A condensing boiler is a type of boiler that uses an additional set of heat exchanger tubes to achieve very high efficiencies (typically more than 90 percent). The term "condensing" comes from the fact that heat is recovered successfully from the flue gases such that they are cooled to a temperature where the water vapor starts to condense out.
The extra heat exchanger ensures that the hot exhaust gases lose much of their energy to pre-heat the water in the boiler system. Water vapor produced from the combustion condenses into a liquid state releasing its latent heat of vaporization. The condensate from this process has to be piped away.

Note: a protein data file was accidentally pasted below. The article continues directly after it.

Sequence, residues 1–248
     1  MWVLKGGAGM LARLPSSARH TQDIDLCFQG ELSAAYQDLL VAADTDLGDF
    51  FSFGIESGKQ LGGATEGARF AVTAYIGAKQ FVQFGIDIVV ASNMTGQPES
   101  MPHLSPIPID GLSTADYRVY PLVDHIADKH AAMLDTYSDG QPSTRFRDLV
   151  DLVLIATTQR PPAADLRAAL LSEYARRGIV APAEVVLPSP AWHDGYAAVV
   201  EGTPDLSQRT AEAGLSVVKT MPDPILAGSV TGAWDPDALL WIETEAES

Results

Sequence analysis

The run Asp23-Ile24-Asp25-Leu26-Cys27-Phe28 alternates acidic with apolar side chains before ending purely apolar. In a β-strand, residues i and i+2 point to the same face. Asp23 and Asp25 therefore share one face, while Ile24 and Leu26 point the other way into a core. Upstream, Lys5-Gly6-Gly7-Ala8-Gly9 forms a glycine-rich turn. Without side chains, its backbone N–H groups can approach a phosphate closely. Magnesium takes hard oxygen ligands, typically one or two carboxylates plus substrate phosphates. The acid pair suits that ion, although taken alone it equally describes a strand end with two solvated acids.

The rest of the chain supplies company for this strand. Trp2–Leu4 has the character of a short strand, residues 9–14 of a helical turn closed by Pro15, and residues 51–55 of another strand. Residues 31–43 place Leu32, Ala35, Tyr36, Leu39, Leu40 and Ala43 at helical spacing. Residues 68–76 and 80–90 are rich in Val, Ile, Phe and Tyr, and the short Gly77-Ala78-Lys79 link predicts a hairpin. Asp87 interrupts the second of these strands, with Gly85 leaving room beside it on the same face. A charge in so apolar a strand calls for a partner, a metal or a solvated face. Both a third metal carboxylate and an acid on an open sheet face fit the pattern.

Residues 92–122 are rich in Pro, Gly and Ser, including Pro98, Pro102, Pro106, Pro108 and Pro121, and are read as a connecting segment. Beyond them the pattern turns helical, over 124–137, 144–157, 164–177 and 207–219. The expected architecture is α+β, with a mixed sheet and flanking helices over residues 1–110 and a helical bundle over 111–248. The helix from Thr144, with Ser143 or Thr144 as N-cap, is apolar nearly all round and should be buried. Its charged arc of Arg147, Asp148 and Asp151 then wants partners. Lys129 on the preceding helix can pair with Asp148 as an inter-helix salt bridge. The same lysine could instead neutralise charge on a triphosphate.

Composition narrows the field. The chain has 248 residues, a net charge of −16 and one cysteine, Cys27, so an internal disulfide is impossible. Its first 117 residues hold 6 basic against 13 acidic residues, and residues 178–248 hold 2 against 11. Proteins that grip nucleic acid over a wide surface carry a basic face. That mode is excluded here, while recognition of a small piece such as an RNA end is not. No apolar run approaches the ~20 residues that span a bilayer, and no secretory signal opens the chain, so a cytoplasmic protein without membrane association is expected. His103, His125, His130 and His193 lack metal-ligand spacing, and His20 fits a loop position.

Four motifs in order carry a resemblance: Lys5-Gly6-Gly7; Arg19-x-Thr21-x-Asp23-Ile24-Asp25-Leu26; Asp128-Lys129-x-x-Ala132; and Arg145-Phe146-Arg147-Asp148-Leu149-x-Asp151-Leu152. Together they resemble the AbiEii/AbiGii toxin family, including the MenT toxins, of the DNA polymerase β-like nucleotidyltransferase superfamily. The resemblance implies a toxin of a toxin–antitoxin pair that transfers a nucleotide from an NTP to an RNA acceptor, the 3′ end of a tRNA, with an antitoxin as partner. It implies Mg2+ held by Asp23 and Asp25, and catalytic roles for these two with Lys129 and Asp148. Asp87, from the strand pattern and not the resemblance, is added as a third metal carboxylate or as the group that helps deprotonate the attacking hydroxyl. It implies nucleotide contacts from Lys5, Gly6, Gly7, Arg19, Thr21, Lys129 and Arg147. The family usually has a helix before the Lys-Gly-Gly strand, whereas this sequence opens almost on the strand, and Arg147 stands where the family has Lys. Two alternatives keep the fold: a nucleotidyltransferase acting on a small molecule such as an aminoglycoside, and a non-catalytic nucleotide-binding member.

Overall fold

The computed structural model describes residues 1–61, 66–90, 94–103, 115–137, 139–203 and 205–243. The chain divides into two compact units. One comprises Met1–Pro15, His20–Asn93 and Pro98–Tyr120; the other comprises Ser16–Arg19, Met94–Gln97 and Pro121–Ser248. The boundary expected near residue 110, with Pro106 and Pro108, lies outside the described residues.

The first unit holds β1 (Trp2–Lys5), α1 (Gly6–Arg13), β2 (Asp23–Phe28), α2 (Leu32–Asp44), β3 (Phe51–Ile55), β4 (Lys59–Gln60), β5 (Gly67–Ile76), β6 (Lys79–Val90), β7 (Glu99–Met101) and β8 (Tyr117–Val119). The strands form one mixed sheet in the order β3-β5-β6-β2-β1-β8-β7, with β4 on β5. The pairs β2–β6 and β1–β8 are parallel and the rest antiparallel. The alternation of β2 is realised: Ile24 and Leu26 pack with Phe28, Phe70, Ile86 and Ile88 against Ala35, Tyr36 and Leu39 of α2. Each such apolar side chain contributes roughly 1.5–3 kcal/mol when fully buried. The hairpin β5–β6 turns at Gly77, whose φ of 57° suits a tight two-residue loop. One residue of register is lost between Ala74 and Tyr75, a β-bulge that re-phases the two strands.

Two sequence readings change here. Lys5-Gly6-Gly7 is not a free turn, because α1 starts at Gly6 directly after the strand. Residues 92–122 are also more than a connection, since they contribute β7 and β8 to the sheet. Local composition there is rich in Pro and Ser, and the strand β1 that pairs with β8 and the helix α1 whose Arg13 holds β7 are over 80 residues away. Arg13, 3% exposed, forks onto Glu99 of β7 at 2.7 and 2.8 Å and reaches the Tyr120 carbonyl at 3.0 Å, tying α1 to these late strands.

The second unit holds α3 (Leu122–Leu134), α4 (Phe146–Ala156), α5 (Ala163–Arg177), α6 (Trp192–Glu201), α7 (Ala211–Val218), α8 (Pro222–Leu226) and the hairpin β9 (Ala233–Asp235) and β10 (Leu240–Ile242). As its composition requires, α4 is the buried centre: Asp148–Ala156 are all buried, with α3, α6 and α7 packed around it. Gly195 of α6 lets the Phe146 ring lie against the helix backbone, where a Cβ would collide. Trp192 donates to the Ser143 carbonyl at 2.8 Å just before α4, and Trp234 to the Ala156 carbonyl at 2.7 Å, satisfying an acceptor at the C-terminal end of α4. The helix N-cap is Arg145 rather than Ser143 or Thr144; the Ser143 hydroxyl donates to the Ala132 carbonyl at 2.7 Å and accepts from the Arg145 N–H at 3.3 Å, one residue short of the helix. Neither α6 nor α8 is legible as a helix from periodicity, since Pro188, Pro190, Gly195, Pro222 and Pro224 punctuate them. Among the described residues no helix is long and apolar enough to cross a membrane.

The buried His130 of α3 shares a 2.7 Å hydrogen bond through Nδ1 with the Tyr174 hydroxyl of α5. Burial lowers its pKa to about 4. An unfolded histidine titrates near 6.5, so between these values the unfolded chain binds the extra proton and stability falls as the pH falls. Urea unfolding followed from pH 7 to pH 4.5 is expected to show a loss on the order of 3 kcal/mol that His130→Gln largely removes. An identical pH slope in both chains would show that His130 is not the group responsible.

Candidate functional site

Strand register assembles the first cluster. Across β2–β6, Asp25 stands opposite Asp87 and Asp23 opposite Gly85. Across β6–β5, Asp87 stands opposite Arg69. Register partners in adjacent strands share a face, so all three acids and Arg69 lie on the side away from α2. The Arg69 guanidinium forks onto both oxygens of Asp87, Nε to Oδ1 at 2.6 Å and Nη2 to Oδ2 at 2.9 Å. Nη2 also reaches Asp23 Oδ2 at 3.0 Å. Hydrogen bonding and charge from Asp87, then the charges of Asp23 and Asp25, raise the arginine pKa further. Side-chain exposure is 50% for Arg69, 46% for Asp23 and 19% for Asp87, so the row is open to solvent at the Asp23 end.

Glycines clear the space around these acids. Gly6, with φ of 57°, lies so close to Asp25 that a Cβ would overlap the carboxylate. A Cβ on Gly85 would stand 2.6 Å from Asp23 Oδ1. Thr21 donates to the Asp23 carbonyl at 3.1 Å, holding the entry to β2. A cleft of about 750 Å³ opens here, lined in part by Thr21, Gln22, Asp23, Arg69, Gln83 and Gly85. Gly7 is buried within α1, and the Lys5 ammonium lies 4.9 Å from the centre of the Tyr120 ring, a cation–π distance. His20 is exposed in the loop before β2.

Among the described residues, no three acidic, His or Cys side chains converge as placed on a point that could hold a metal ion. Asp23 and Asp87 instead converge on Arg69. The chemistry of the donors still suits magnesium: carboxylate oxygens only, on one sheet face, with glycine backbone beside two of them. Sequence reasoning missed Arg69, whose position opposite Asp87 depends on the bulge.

From the point of view of energy saving, it is always better to have a condensing boiler. The initial outlay is greater but is recouped in the long term through lower energy costs.
Condensing boilers have been used in the United States and continental Europe since the 1980s.
It is possible to replace most existing boilers with a condensing boiler, whether they are floor standing or wall hung. Finding a place for a condensing boiler is no harder than placing a conventional boiler. The only addition is the condensate drain.